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Do income-share agreements actually work to hold down college costs? We’re finding out.

This summer marks the third anniversary of year-round Pell grants, where students can receive extra Pell funding to enroll in summer classes and complete their programs faster. Summer Pell is a critical resource, but it doesn’t begin to solve all of the affordability issues facing today’s students, including federal aid restrictions for many student populations, the pressure of costs beyond tuition (such as childcare), and lack of financing options for quality workforce training programs.

These challenges help explain why so many students struggle to afford higher education, even when enrolled in a relatively inexpensive public institution. We urgently need more and better financing options. And we can’t rely solely on federal and state policymakers to come up with new tools, given the glacial pace of legislating in Washington and the difficulty of making national policy decisions that work effectively in every context.

Which brings us to income-share agreements (ISAs), which have been hailed as a way to “fix American’s broken student loan system” and decried as “Wall Street’s Potentially Predatory Alternative to Student Loans.” The truth? We just don’t know yet.

But there are three early adopters of ISAs that have caught our attention:

  • Colorado Mountain College (CMC) — a college district with 11 campuses serving about 18,000 students a year — launched Fund Sueños (Dream Fund), designed for in-state students with work authorization who are ineligible for federal aid. It’s intended to be particularly helpful for those with DACA status.
  • San Diego Workforce Partnership’s (SDWP) Workforce ISA Fund provides a financing option (where there often is none) for high-demand, high-wage programs at the University of California-San Diego Extension. All four short-term programs at the school are ineligible for federal loans and have completion rates of more than 80 percent. SDWP counsels prospective students on several enrollment and financing options in addition to the ISA options, including community college programs that may offer similar coursework and grant aid.
  • The University of Utah’s Invest in U program targets seniors who tend to “stop and start” enrollment to reduce costs and avoid student loans, taking a longer time to graduate. Only about 30 percent of the university’s undergraduates take on loans, compared to 65 percent of students nationally who graduate from public and private nonprofit colleges. Through Invest in U, a student can take out up to two separate ISAs, one for fall/spring and one for summer. In that scenario, the student can pay the loans at the same time (i.e., pay 5.7 percent of salary for 65 months) or consecutively (2.85 percent of salary over 130 months).

Here’s a summary of these programs’ ISA terms:

ISA sponsor Program costs ISA amount Income share Payment term Minimum income Payment cap
Colorado Mountain College In-district tuition and fees $2500/year; total cost of attendance ~$15,000 - 17,000 Up to $3,000 4% 60 months $30,000 1x ISA amount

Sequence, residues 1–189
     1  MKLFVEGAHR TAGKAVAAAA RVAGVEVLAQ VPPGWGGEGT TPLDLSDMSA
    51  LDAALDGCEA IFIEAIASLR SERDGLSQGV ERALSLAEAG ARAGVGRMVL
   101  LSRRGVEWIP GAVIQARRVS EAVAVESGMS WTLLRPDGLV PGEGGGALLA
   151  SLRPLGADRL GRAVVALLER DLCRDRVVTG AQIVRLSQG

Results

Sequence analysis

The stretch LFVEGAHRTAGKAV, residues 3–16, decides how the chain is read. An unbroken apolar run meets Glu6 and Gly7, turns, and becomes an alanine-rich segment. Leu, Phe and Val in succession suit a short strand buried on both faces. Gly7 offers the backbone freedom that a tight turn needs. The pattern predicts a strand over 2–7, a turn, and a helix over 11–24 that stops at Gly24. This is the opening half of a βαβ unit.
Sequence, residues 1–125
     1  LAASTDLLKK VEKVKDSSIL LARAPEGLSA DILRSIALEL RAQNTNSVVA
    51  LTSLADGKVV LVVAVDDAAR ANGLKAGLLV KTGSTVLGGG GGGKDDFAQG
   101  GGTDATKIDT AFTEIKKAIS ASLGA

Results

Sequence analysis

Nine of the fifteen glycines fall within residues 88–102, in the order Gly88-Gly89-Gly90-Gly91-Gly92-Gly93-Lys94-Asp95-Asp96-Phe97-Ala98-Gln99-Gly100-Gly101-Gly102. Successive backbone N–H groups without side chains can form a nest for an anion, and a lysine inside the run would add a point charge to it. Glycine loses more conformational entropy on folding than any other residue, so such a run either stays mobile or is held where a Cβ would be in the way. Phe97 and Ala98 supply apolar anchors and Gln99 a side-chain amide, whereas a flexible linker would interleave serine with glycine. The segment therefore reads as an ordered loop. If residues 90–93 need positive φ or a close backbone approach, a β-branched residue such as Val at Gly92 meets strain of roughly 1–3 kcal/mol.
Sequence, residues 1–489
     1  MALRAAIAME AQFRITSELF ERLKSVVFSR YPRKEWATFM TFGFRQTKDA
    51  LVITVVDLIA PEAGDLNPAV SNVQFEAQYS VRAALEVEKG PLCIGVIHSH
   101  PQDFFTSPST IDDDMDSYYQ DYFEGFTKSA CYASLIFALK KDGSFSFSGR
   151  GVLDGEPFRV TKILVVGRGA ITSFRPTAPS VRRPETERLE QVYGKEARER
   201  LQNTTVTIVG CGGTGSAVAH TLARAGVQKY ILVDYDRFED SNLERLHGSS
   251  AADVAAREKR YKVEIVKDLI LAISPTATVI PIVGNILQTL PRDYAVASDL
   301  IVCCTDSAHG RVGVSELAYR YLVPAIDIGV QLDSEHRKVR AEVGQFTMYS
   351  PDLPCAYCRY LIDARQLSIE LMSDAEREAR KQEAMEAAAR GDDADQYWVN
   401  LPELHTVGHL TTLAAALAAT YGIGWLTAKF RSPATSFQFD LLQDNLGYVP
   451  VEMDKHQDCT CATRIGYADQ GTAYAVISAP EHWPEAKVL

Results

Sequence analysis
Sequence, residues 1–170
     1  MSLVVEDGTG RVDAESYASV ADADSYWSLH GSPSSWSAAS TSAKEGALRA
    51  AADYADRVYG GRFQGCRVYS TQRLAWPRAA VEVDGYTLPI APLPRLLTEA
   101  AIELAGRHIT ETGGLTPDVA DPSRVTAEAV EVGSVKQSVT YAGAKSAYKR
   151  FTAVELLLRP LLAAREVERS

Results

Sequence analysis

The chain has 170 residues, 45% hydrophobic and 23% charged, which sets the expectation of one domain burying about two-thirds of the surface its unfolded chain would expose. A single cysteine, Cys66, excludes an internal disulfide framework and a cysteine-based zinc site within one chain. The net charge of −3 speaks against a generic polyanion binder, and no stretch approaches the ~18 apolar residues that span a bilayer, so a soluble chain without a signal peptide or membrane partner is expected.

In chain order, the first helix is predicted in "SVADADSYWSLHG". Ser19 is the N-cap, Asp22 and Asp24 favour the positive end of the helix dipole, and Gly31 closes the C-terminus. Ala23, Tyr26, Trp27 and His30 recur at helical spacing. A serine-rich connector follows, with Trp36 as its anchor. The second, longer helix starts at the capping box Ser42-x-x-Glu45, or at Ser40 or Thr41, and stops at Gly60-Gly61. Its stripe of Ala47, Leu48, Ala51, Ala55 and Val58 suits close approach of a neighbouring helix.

San Diego Workforce Partnership Tuition $6,500 Up to $6,500 6-8% 36 - 60 months $40,000 1.8x ISA amount
University of Utah Tuition for in-state residents is $8,952; total cost of attendance ~$19,000 - $25,000 $3,000 - 10,000 2.85% 65 months $20,000 2x ISA amount

Recently, Lumina Foundation funded studies of each of these programs to determine their legal, educational, financial, and post-graduation effects. With so many ISA models coming online, why is Lumina interested in these three?

  • All are already low-cost programs with good outcomes for graduates. This means the total amount of funding provided through an ISA is modest and less risky for students in the longer term.
  • All have student-friendly terms — low income-share rates, reasonable minimum income thresholds, and clear payment caps — as well as other supportive services.
  • All included students in their design process.
  • All fill a gap that existing public financial aid systems don’t cover. The two public institutions are specifically designing their ISAs as one possible solution for addressing costs beyond tuition.
  • All of them have a special focus on adult learners and/or students of color — populations on which Lumina focuses much of its work.
  • All three raised philanthropic capital to reduce costs for students and to position the fund for long-term sustainability as graduates pay back into the fund when they enter the workforce. A lot of learning can come from this for the philanthropic community.
  • None of the institutions relies on its ISA program to support its own financial health. This eases any urgency to build a profitable ISA program and allows officials to focus on student-friendly design, evaluation, and learning.

We see Colorado Mountain College, San Diego Workforce Partnership, and The University of Utah as important partners in helping us understand how ISAs actually work before anyone attempts to scale them up. The lessons we learn from these ISA pioneers will help us identify some key questions that, when answered, can help resolve the ISA debate. We welcome ideas on these questions and plan to share what we find.

FOR MEDIA INQUIRIES:
Tracy Chen
317.951.5316​
Email

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